This book tells a story of inimical vowels and consonants who stage a series of escalating attacks on each other but who realize in the end that the ensuing "noise" ought to be banished, which they do with words constructed by, naturally, vowels AND consonants working together. The author and illustrator use clever historical references and witty turns of phrase and the result is a curious book that is difficult to classify. Its subject matter is droll and might appeal to a sophisticated second-grade or third-grade child. Such humor and language would require an advanced child to be appreciated; it might appeal in a parent-child reading session but is too esoteric to be used in a whole-class setting. The level of vocabulary, moreover, is not as pedagogically rewarding as, for example, William Steig; and the images of war are those that might give today's parents and teachers pause. It would not be a likely purchase for a school and likely only as a rare purchase by a parent. 1999 (orig.
School Library Journal
Gr 2-4Narrated in a pseudo-serious tone, this is the fable of vowels and consonants who do not get along. There is terrible bickering and constant rivalry between them. Finally, war is declared and a conflagration occurs complete with dive-bombing T's, marching D's, spear-tossing J's, and paratrooper U's. Amid the fighting, a scrawling, formless chaos appears. Individually, the letters cannot halt the scratching threat of disaster, but when they cooperate and form actual words, the jumbled scrawl at last rolls out of town. This is a stilted attempt to teach about vowels and consonants through adult humor. Shaping actual letters into characters with spindly arms and legs and headless faces is too cute, and the story line falls flat. The colorful, busy watercolor illustrations do little to pick up the story. There is a condescending tone that children will see through, and they'll find little to enjoy in this obvious grammar lesson. This book is too clever for words, and an unnecessary offering.Beth Tegart, Oneida City Schools, NY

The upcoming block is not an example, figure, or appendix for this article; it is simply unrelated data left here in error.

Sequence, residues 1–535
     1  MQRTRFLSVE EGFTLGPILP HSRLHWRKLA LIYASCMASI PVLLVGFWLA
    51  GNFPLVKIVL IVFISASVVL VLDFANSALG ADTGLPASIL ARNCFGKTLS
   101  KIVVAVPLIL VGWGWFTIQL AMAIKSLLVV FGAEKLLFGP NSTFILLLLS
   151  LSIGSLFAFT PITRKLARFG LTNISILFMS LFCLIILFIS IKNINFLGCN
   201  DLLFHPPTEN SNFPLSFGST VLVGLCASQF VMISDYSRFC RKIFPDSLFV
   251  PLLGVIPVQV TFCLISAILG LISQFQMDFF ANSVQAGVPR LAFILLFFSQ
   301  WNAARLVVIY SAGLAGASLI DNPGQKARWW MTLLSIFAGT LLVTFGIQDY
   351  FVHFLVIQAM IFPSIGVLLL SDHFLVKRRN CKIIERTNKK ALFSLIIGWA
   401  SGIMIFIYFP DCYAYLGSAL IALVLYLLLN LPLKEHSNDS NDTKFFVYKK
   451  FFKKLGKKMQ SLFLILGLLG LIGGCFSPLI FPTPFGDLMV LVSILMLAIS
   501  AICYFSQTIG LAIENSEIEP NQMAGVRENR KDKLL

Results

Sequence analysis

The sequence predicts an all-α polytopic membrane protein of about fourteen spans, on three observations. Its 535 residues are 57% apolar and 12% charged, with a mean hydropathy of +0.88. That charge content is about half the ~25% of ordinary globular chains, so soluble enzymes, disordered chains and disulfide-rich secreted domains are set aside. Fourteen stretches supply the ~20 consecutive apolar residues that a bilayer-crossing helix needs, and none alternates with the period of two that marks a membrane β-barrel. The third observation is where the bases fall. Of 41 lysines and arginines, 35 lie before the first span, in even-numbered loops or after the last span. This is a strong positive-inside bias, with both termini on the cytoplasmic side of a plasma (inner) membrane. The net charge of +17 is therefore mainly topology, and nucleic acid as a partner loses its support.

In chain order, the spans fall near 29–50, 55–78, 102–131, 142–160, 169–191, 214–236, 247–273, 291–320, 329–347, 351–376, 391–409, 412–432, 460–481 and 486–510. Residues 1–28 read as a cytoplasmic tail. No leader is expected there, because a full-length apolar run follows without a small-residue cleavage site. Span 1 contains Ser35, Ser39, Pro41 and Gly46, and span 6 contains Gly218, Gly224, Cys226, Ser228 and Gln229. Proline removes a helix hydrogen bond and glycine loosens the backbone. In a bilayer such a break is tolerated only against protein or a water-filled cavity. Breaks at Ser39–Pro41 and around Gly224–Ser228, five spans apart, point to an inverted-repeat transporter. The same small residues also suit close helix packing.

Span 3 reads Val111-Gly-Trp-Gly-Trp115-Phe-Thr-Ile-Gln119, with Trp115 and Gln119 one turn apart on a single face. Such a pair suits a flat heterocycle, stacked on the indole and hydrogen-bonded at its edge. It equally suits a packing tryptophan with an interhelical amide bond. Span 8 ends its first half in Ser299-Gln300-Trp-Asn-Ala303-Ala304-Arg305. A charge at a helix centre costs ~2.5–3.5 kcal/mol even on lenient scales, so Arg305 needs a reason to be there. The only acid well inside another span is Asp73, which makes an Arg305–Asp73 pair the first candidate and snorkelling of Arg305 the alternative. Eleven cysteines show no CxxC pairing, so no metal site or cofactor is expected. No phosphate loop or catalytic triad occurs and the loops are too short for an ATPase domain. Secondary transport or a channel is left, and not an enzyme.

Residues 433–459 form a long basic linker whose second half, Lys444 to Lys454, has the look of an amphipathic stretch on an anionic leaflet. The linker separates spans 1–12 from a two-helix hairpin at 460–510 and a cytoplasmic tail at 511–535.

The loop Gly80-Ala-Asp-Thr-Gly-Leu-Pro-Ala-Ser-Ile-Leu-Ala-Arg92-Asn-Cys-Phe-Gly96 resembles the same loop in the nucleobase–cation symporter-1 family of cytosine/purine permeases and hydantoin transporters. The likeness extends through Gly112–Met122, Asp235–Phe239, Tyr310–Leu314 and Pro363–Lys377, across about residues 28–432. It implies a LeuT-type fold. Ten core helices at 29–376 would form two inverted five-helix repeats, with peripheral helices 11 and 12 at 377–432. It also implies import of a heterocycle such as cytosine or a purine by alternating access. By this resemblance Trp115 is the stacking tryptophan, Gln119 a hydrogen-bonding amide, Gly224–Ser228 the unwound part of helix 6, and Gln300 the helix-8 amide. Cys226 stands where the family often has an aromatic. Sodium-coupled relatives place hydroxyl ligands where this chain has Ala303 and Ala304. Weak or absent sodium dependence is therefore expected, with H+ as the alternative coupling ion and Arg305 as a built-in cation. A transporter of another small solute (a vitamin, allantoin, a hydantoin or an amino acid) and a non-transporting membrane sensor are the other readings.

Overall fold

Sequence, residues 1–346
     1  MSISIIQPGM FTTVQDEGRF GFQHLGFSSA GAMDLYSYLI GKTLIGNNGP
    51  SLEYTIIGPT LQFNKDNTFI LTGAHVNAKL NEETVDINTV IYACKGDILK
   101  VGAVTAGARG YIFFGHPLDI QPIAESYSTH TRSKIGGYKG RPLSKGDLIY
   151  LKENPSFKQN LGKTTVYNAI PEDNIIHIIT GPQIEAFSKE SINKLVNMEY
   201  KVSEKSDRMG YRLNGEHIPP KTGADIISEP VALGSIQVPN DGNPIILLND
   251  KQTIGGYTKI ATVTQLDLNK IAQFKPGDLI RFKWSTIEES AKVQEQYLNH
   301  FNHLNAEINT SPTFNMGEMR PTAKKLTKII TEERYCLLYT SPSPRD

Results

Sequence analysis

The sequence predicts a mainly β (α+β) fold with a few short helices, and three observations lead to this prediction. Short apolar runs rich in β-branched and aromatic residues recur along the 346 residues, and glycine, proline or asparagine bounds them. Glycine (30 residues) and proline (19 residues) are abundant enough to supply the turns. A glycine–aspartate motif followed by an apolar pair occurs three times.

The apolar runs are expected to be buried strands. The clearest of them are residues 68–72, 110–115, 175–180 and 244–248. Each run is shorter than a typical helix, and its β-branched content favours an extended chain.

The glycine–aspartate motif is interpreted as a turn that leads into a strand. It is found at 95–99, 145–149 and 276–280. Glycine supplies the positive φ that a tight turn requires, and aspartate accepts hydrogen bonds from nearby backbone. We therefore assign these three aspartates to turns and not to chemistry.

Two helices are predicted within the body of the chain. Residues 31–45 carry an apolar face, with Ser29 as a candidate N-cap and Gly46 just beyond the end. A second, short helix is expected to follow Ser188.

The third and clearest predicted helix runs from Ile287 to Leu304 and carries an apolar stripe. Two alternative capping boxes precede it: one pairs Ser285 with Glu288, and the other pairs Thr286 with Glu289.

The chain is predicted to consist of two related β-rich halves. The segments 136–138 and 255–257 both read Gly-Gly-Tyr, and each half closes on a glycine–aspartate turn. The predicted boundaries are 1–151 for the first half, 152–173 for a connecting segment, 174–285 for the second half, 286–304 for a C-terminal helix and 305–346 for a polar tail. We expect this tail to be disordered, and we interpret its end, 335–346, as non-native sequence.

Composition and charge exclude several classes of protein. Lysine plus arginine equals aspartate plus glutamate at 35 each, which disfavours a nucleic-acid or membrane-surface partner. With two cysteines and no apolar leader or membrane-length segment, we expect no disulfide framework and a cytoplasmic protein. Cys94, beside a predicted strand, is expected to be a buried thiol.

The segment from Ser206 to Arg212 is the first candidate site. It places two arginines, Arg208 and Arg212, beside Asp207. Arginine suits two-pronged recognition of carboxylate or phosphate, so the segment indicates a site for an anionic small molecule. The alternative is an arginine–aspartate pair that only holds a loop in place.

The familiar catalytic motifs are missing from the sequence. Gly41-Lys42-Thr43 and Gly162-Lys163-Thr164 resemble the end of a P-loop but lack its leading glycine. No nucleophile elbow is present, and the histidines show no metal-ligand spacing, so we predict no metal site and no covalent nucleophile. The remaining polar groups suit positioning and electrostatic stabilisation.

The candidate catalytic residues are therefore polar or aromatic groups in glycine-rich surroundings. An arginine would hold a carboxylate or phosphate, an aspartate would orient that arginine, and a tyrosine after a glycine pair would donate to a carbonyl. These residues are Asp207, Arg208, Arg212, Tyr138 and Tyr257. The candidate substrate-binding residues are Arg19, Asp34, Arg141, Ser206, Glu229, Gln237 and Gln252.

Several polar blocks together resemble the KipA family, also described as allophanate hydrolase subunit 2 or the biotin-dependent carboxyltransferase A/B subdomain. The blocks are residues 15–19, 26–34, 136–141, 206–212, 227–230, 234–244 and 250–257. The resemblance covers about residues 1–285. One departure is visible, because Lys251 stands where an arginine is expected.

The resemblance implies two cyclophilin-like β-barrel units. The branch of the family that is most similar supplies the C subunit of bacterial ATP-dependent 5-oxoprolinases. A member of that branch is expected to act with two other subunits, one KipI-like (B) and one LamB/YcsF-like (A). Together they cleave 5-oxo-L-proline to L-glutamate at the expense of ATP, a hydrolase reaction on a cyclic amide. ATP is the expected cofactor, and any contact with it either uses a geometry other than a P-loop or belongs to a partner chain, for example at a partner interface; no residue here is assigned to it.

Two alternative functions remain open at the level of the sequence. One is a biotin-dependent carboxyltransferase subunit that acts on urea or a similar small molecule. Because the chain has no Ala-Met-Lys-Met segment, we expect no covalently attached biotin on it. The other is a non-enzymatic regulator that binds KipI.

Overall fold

Only occasional flashes of cleverness illuminate this parable of warring camps uniting in the face of a common threat. The uneasy truce between the aristocratic vowels and the plebian consonants finally breaks down into open warfare, but at the advent of a giant scribble (oxymoronically described as "zigs and zags with no form at all"), they join together to "STOP" the monster and bid it "GO AWAY." " `I can't fight that,' whimpered the jumble. `Next they'll make paragraphs . . . pages . . . chapters. . . ' " Sprouting stick limbs and large hats, the letters, uppercase if adult, lowercase when young, swarm antlike across cleanly drawn backdrops. "Just think what we can accomplish together," enthuses the Supreme Command to the Commander in Chief. "The poems! The plays! Our memoirs!"
Actually, even careless readers will notice that both sides have been using each other right along in speech, an evidently unintended paradox. Next to books like Eve Merriam's Fighting Words (1992) or Bill Martin and John Archambault's Chicka Chicka Boom Boom (1989), the language play here seems clumsy.